Btw, who buys an OS without good developer support? Do you also run Linux at home?


RE: The biggest issue
By retrospooty on 12/25/2012 6:54:58 PM , Rating: 2
First off, I didnt "freak out". I am simply responding to your usual one sided view of things. You said "Android tablets make zero sense to me right now" as you lamented as if there is no reason anyone would buy an Android tablet. There are reasons. Not that Android tablets are better. In that arena iPad certainly has the advantage in apps and GPU, but that isnt the entire picture. If one were looking for the best tablet in the $500 range, iPad is it, easily... But look at other areas and Android tabs do have a place and a good one at that. Most people want internet, email and a few apps, maybe e-reader. A $200 Google Nexus does the job perfectly at 40% the price. Not that its a better tablet, but for what most people do, its a WAY better value. It has a place that is all I am saying, while also commenting on your constant bias that gets tiring. I know you are bright enough and well informed enough and know the whole picture, yet you still paint with Apple centered goggles.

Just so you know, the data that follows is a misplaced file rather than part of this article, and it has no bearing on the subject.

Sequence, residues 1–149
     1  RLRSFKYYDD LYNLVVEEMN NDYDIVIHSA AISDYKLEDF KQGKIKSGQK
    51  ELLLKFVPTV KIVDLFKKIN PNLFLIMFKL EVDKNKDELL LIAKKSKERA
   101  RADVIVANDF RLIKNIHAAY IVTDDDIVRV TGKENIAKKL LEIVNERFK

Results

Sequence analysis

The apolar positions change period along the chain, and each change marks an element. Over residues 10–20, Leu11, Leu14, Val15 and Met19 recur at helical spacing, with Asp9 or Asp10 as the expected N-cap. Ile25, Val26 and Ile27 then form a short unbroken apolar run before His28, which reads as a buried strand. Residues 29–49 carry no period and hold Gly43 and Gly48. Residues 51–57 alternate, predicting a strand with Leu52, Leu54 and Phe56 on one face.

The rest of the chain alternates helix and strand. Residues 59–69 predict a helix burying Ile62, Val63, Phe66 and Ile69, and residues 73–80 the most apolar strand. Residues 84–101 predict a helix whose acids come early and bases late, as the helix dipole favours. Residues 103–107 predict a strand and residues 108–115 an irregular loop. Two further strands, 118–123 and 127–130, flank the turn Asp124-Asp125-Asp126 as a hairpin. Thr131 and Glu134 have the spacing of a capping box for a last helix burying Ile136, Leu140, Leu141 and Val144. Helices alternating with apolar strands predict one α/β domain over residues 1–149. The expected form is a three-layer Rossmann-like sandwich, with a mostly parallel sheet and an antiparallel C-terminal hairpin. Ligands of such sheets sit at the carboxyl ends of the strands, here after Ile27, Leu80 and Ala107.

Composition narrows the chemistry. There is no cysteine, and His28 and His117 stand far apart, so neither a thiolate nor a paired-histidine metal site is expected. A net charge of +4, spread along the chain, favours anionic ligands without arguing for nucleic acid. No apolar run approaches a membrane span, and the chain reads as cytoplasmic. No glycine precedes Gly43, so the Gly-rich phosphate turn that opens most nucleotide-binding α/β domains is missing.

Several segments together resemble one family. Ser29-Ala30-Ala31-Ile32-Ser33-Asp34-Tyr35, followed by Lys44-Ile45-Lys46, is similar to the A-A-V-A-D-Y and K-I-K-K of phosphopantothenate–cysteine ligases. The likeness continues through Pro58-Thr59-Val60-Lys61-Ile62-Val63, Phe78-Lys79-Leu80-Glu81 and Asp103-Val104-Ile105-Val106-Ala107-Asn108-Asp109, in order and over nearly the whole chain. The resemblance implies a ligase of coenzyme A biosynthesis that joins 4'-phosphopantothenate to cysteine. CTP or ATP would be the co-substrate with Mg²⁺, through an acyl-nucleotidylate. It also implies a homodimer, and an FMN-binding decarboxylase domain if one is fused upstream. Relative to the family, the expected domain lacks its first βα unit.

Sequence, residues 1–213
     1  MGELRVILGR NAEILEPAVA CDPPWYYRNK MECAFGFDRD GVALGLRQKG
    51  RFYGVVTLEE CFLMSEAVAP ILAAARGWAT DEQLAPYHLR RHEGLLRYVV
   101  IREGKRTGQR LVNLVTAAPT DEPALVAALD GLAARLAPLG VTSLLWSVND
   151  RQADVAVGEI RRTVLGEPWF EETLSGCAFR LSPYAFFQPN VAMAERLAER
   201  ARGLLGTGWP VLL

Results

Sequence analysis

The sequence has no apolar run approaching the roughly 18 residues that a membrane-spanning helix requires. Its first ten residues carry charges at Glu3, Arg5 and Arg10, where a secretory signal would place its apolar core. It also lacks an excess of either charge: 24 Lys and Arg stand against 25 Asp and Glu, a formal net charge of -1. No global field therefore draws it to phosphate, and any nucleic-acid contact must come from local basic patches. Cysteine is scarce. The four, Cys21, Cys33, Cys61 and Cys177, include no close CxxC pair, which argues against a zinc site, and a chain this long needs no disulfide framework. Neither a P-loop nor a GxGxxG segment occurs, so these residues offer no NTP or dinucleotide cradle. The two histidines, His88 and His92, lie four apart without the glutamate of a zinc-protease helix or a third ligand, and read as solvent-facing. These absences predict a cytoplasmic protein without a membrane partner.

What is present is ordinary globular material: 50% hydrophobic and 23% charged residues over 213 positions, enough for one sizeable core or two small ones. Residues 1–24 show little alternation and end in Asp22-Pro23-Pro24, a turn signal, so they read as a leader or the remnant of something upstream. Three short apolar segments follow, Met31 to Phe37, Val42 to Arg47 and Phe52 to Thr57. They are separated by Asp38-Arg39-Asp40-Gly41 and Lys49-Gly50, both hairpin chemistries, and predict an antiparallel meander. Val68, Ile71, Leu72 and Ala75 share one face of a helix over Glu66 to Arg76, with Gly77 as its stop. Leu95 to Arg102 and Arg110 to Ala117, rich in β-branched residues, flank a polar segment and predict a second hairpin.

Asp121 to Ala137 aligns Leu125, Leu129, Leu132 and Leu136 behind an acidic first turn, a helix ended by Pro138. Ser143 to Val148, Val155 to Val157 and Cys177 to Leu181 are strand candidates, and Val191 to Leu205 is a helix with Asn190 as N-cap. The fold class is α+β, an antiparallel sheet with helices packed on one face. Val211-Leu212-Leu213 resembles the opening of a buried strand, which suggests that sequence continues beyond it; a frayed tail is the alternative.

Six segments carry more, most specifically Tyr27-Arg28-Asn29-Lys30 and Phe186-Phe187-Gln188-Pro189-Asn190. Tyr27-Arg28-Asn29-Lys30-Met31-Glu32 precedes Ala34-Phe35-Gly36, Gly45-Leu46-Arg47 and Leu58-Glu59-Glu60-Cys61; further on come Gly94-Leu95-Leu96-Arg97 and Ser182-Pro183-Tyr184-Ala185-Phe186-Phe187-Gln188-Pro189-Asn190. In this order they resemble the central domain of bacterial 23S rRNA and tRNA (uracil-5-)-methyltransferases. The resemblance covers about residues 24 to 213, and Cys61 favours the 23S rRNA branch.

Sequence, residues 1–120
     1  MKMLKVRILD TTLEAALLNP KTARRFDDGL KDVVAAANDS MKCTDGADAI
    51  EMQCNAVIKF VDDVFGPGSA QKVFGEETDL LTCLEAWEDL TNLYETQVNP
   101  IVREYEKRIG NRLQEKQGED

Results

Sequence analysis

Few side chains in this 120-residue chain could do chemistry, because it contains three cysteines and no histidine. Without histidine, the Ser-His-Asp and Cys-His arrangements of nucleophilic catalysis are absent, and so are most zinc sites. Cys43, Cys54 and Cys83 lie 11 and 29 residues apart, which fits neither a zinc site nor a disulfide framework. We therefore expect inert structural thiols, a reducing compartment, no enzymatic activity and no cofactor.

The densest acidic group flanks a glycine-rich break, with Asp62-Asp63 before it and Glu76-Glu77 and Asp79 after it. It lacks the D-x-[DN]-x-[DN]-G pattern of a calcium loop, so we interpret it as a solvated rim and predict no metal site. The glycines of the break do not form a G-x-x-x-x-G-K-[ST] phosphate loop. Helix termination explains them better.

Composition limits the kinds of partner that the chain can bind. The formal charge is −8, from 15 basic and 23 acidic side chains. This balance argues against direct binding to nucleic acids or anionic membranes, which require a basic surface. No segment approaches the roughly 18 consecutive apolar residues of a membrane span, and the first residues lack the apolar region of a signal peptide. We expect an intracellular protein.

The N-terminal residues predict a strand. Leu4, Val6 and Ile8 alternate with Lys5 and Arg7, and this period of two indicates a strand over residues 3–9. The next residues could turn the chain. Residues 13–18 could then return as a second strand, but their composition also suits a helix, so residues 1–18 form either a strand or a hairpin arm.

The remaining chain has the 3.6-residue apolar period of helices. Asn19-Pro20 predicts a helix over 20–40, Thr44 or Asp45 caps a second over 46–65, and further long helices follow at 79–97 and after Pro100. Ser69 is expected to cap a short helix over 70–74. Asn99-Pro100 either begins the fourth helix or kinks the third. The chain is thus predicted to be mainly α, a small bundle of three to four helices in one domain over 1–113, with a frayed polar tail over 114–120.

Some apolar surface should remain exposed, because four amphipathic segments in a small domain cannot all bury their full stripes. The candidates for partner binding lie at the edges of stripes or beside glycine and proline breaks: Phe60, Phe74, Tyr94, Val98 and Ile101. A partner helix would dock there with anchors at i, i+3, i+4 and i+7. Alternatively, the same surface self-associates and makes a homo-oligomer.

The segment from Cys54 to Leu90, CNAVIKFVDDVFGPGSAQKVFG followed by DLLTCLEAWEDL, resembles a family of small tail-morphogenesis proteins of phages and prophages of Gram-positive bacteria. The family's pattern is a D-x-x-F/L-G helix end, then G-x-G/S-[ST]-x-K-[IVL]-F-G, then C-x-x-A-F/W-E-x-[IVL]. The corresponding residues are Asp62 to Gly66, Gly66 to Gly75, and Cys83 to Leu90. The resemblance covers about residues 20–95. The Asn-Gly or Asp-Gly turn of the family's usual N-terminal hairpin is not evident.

"I own hardware from loads of companies and have bought into nearly every ecosystem. You on the other hand have a very hard time seeing past anything with the Android name on it."

I do? Really? You know about zilch about me, so dont make that assumption. Again, I post in favor of Android for 2 reasons. 1. When responding to you, I am always pointing a counter to your bias and 2. Right now, and I do mean right now only, Android is the best smartphone platform out period. Hands down by a large margin for power users. For beginners and people that play games, iPhone is better. I hold no favor or allegiance for android, the second something better comes out I will buy it.


RE: The biggest issue